(The Biotech/Life Sciences Portal Baden-Wurttemberg)
Ion channels control fundamental life processes. Defects in their function play a major role in many diseases. Their importance as targets for production of new drugs is continuously increasing. The patch clamp method of Sakmann and Neher, a technology that enables the examination of individual ion channels, was honored with a Nobel Prize and has resulted in the foundation of molecular electrophysiology as a recognized science.
The rapid transfer of signals between nerve and muscle cells occurs through the alteration of the electrical potential of the cell membrane. The potential is altered by sodium, potassium, calcium or chloride ions, which establish a gradient across the cell membrane, passing through the membrane. At the beginning of the 1970s, research, particularly that of Bernard Katz and Ricardo Miledi at the University College London, led to the general assumption that discrete pore-like ion channels were integral parts of the electrical conductibility of biological membranes. However, there was no direct evidence for the actual existence of such ion channels.
Current flow through the individual ion channels in a muscle fiber. From B. Sakmann: Nobel Lecture, December 9, 1992.
Only after Erwin Neher and Bert Sakmann developed the “patch clamp method” was the existence of ion channels ever proven. With this method, the ionic current is measured on a tiny membrane patch to which a predetermined voltage-clamp is applied. This patch is only a few square micrometers in size and contains a single ion channel. When the current is measured, abrupt, short-term jolts can be observed: The channel opens, ions flow through it and transfer electrical charges from one side of the membrane to the other. Then the channel closes again. Currents of a few pico Ampere (billionth Ampere) can be measured within as little as one millisecond. An extremely sensitive experimental set-up is required for doing so.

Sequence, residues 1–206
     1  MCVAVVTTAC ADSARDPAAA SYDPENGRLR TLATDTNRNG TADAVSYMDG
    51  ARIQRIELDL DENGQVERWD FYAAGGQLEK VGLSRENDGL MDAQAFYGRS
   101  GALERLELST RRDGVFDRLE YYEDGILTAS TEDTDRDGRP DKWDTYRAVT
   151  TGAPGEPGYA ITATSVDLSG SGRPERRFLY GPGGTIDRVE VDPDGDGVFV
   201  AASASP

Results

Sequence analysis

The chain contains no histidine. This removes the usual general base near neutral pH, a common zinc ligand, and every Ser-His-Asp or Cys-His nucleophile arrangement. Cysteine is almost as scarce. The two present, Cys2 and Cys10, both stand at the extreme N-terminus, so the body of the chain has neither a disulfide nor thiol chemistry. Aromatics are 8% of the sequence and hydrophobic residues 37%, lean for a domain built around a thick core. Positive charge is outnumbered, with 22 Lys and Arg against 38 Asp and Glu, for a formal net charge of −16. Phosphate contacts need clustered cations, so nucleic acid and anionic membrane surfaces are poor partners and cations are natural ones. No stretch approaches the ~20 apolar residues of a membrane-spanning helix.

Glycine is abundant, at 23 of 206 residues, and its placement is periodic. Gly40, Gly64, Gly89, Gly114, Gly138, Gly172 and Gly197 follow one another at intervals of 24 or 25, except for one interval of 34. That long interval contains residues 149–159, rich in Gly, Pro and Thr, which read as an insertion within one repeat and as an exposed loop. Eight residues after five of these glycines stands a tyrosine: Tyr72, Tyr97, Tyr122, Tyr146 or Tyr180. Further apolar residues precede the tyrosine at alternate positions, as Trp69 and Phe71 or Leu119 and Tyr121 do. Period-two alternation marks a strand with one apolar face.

After numerous futile experiments and constant improvements, Neher and Sakmann finally succeeded in 1976 to measure the ionic current of single channels in the cell membrane of a muscle fiber. The patch clamp measurement apparatus used to provide evidence of the existence of ion channels was developed at the Max Planck Institute for Biophysical Chemistry in Göttingen and can today be viewed in the German Museum in Bonn. This experimental set-up led to the foundation of molecular electrophysiology as a recognized science.
The principle of the method is very easy – as are many ingenious innovations. A glass pipette with a tip diameter of only one thousandth millimeter is pressed gently on the cell membrane. Vacuum leads to a gigaseal between pipette wall and membrane ("on cell" configuration), so that the ion channels below the opening of the pipette tip are the only connection between the inner side of the cell and the electrode fluid in the pipette. When suction is applied to the pipette or a short-time voltage-clamp is applied, the membrane breaks and the cytoplasm and the pipette solution start to mix ("whole cell" configuration). Withdrawing the pipette will excise a patch ("excised patch" configuration), which can then be analyzed.
Patch clamp apparatus with which Sakmann and Neher were able to measure the ionic current through single membrane channels in 1976. Source: German Museum, Bonn.